The way the characters are dressed nods to some of the commonly accepted conventions on Gallic cultural markers: when we first meet Lambiorix (p. 1), he wears an (oddly loose) torque, a round shield, dark hair, and rides a horse, even if his cuirass, furry skirt and leggings with laces criss-crossing up from his feet may be less historically accurate. The spatial representations of Gallic territory are remarkably sparse, with the expected woods, glades and swamps (p.7) offering a plausible setting in line with the classical representation of them (all notably encountered, for example, by Germanicus in his German campaigns around the Rhine in Tacitus’ Annals books one and two. 

[EDIT 14 May 2017: The paaldorp - or village on stilts - on p. 30 seems out of place in northern Gaul, but could come straight out of Pliny's description of the Chauci's habitation at NH 16.3: tribunalia extructa manibus ad experimenta altissimi aestus, casis ita inpositis, 'platforms raised up by manual labour to be tried and tested by the highest tide, and in this way built up with houses'] 

On the other hand, there is a surprising absence of rivers (more prominent than woods in the Tacitean account of Germany in the Histories), despite the narrator setting the territory in between Maas and Rijn (p. 1 again). Deviations from the expected classical template and likely reality are an inexplicable ‘mountain river’ (bergrivier) on p. 22, and the accompanying mountains and a ravine on p. 35 – not really a Low Countries landscape. Urban settings are dominated by wooden longhouses surrounded by wooden palisades (e.g. p. 11); in contrast, the Roman camp is similarly wooden and similarly palisaded, but is clearly a close-timbered fortification (p. 17), though not at all along the lines of actual Roman forts (no ditch alongside the palisade, no agger, no internal streets, etc.) Interior decoration is limited largely to oil lamps (p. 12), vases and antlers (p. 13-5, also 26) – with antlers, possibly, being a distinguishing factor between ‘posh’ quarters such as those of Arrivix and ordinary ones – and on the whole these indications are clearly not intended to be more than filler for scenes necessarily set indoors. Tables, oddly, seem made of stone rather than wood, though it’s hard to tell in the original two-colour print (pages alternate in blue and brown).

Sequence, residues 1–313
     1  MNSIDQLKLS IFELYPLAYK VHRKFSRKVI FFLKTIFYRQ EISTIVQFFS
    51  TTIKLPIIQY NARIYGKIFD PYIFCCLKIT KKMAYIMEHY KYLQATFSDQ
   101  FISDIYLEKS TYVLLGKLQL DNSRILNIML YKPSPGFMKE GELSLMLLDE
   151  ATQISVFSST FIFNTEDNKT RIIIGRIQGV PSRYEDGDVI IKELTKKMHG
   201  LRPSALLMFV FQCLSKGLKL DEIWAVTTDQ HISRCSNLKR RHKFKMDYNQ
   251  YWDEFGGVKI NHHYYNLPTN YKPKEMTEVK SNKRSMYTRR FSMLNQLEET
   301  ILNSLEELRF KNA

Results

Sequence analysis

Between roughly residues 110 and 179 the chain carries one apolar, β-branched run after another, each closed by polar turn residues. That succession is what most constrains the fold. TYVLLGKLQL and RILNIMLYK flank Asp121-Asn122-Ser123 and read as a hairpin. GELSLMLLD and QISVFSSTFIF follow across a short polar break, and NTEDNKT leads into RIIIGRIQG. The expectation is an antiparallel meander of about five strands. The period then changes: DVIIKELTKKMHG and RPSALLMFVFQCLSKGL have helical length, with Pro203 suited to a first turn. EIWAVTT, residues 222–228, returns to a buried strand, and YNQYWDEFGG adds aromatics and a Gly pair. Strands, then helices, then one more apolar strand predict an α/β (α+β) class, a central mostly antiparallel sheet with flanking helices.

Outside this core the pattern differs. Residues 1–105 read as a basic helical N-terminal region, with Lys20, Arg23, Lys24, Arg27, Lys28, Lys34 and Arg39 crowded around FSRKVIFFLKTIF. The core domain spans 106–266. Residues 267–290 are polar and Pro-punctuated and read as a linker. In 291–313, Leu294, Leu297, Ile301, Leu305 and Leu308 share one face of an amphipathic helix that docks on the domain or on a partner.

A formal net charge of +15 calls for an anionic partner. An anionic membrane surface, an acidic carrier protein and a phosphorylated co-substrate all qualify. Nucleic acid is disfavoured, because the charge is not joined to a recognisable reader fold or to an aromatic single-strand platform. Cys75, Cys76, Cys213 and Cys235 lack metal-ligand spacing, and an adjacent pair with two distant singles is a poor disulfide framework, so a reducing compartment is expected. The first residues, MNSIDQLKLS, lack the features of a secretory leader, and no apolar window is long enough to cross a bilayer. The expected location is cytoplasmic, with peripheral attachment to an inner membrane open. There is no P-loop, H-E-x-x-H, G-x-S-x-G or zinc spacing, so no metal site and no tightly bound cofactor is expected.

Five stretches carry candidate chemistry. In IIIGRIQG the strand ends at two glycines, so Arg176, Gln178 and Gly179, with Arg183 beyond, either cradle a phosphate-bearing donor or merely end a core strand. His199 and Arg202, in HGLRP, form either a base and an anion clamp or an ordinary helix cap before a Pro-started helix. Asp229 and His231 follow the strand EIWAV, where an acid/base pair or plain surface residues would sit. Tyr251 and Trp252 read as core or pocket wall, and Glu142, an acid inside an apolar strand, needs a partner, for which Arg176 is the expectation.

(As my dad noted when we were talking about this over Easter: ‘I doubt whether he sat down with either Caesar, military handbooks or archaeological reports much before he started drawing, Leen’. And he’s right of course, but I still find this interesting, especially if you take into account the original author-illustrator Willy Vandersteen’s fairly basic education which would certainly have not included Latin. On Twitter, @Roelkonijn mentioned the appropriation of the Belgae by the Belgians in the rather nationalistic post-war 1920s, exactly the time when a young Vandersteen, born in 1913, would have been a schoolboy. He may not have been reading Caesar, but his history textbook would have been channeling Caesar and appropriating him in the service of a growing national post-war identity. Whether Flemish and Walloon appropriated this national legend differently, separately, or jointly in the course of the emerging ‘ontvoogdingsstrijd’ – the battle for recognition of the Dutch language within the relatively new Belgian nation-state as a valid medium of instruction and government - is another question I’d like to know the answer to. EDIT 14 May 2017: Having said all this, they might have read Caesar, but it is unlike they would have tackled any of Pliny’s Natural History – so via what medium did Pliny’s Chaucian template of habitation on stilts trickle down? )